"Nuclear training has given me a wide spectrum of understanding on how things work from electronics, to the electrical and mechanical aspects and more," said Vasilauskis. "All of these things have helped me greatly as an Operator and a Crew Chief here at Jefferson Lab."
Q&A with Paul Vasilauskis, U.S. Navy
What did you do for the military?
I operated nuclear propulsion plants on Nimitz class carriers. I started out as a Reactor Operator monitoring and controlling the nuclear core then later as a supervisor guiding the overall operations of the whole propulsion system from the reactor core to the steam turbines that provided propulsion and electric power plus the multitude of support systems in between even down to the chemistry of the water used in those systems.
What made you decide to join the military?
I was fresh out of high school, working a just above minimum wage job. I had no idea what college was about, what was available, how to apply or even where to start. Some friends from school/work who had already signed up with the Navy got me to go to the recruiter's office and take a test. I got one question wrong and when the recruiter read the question I realized I had misinterpreted what it asked for and said "Oh, it's..." at which point the recruiter put his hand on my shoulder and said something on the order of "Son, anyone ever tell you about our Nuclear Field Program?" and I think at that point I was hooked.
Why did you choose the branch of service that you did?
Truthfully, it's simply what my friends had already joined. Looking back, I don't know if anything other than the nuclear field would have intrigued me as much. Well... I was into electronics and computer programming at that time (oh yeah, I was a geek, still am). At the Induction Center in Chicago I had to choose a secondary classification in case I didn't make it in the nuclear field (that was a "Wait, what!?!?" moment). One of the fields I qualified for was Aviation Electronics Technician, working on the high tech electronic gear on aircraft. Had the nuclear path not worked out for me, I probably could have gone down that road in the Navy or a similar path in one of the other branches.
What was your favorite part of the job?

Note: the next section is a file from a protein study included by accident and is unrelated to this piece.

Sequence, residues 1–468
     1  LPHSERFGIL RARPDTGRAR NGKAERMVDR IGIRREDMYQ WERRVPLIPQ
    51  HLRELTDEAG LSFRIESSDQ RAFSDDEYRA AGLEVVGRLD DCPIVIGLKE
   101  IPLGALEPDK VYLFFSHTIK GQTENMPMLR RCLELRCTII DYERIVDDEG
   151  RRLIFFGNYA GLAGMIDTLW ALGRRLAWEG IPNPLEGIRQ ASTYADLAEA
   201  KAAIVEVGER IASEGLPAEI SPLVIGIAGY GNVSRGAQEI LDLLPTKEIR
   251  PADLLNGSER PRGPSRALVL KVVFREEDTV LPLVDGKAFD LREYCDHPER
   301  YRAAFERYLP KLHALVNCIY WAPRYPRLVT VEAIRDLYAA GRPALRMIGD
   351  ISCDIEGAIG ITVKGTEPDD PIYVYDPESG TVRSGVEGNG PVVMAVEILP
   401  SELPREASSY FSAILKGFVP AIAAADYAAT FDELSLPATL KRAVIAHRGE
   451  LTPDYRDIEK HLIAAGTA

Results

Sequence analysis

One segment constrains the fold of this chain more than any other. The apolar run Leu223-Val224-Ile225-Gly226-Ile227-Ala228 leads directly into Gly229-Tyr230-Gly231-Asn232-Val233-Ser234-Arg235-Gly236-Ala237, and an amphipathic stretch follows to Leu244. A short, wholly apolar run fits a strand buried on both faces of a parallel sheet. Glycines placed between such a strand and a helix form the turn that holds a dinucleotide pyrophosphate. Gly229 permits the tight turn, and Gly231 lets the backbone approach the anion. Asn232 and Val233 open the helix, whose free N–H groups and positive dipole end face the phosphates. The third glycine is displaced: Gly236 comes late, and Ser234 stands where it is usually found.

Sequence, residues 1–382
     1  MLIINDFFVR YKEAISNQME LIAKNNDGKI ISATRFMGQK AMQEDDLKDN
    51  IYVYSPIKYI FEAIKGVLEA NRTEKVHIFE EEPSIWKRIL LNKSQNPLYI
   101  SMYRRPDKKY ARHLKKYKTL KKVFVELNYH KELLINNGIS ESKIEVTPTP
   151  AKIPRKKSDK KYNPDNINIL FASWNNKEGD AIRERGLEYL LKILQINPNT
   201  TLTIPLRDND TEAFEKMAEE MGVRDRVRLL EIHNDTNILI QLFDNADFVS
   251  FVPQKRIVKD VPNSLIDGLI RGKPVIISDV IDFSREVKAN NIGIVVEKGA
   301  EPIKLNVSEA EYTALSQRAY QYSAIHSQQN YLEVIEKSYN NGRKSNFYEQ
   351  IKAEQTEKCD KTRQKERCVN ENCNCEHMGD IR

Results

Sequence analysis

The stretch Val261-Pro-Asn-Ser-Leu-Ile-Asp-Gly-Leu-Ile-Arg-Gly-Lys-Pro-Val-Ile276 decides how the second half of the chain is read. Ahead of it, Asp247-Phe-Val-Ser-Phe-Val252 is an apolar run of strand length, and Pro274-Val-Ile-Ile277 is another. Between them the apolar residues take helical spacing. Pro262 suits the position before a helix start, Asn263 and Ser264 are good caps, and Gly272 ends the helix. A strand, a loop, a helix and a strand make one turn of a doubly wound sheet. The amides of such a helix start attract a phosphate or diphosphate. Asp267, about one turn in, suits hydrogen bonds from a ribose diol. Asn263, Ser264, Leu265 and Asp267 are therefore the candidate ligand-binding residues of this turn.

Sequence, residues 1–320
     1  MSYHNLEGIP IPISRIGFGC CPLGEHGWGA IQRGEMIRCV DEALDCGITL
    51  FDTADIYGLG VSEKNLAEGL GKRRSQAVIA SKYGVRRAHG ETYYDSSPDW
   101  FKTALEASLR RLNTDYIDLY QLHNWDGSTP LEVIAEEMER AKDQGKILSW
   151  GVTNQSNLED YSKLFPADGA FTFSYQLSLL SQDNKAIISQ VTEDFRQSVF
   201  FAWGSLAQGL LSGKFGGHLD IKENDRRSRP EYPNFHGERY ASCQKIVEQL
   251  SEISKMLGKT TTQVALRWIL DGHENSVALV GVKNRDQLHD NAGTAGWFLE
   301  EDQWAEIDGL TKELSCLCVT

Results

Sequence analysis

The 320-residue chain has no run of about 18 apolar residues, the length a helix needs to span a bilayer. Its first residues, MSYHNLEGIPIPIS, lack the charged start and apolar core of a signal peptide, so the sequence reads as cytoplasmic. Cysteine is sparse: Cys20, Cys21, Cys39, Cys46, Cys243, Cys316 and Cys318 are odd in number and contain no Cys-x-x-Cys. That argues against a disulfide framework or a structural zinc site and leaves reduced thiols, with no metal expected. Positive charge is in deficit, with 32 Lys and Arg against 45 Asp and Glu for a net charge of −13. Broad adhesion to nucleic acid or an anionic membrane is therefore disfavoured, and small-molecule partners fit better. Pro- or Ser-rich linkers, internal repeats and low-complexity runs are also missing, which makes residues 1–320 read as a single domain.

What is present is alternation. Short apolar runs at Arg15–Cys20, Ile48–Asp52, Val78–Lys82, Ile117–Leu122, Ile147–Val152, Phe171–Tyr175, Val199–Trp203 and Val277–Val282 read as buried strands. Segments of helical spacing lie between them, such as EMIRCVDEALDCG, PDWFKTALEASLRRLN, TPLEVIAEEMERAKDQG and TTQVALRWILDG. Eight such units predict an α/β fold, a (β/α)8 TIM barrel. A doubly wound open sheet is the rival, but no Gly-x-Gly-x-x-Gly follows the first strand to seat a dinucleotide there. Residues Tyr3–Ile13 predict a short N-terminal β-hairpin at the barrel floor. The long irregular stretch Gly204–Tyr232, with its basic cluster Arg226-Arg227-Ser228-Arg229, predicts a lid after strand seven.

I got to run a nuclear reactor, how cool is that?!!
What was your most interesting/favorite deployment or duty station and why?
My last ship, last command and last deployment was on the USS NImitz CVN-68. Once I got back to the states and settled down, we went to Newport News Shipyard for a refueling overhaul where the old reactor cores were pulled out and new ones put in. The most time I spent as an enlisted watch officer were on here but that was what I really enjoyed doing. I served with a great bunch of people. Together we ripped her apart and put her back together. In the end, I left the Nimitz and the Navy just days before she sailed to change home ports to the West coast. I was on my last week going through the ship's checkout process when 9/11 occurred. Everyone was recalled back to the ship and nobody knew what was going on. Would the ship still leave to change home ports, would we be called to get underway, if so what would I wear as I had already cleaned out my locker and all I had was what I was wearing that Tuesday and finally was I still leaving the Navy? It took a few days to get answers but eventually the Nimitz still changed home ports and I still retired from the Navy as planned. Later the next week I took my little daughters to Fort Monroe, made it through security and together we watched the USS Nimitz leave Norfolk and sail away for the West Coast.
What skills did you develop that you use now after your military career?
Nuclear training has given me a wide spectrum of understanding on how things work from electronics, to the electrical and mechanical aspects and more. I have learned how to work in a group as a team, to coordinate and share the load, to assist others when necessary yet to also be responsible to get my part done. All of these things have helped me greatly as an Operator and a Crew Chief here at Jefferson Lab.
The regional home of Jefferson Lab, Hampton Roads, has a rich military history. Located in Southeastern Virginia, the region is currently home to more than 80,000 men and women in uniform, representing every branch of the armed forces. Throughout November 2018, Jefferson Lab is celebrating the region's military ties by highlighting some of our veteran employees who have served in the armed forces and who continue to serve their nation by supporting the research efforts carried out at the laboratory.